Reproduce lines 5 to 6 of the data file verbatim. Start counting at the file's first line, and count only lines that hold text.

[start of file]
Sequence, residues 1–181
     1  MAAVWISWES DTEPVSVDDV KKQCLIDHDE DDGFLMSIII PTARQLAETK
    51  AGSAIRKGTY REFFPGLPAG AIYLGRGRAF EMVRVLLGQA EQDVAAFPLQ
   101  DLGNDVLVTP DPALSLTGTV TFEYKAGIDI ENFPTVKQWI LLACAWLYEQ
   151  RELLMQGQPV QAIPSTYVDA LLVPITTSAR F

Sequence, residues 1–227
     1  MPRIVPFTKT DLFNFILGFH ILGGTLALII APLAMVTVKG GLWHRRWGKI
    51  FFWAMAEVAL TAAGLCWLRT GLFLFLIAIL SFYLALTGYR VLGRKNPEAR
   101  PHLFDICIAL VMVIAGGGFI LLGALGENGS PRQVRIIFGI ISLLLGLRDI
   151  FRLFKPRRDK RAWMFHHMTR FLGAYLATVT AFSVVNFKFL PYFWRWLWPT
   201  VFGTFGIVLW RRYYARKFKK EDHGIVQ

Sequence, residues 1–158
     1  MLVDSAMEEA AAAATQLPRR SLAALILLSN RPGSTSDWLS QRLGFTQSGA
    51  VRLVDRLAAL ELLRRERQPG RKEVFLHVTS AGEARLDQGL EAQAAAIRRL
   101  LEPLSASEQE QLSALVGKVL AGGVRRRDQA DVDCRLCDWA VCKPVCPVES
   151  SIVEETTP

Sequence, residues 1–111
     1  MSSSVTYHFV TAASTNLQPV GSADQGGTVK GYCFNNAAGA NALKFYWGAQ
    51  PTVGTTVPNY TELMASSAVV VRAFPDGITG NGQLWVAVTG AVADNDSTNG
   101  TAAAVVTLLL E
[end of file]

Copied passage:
   151  RELLMQGQPV QAIPSTYVDA LLVPITTSAR F

Sequence, residues 1–227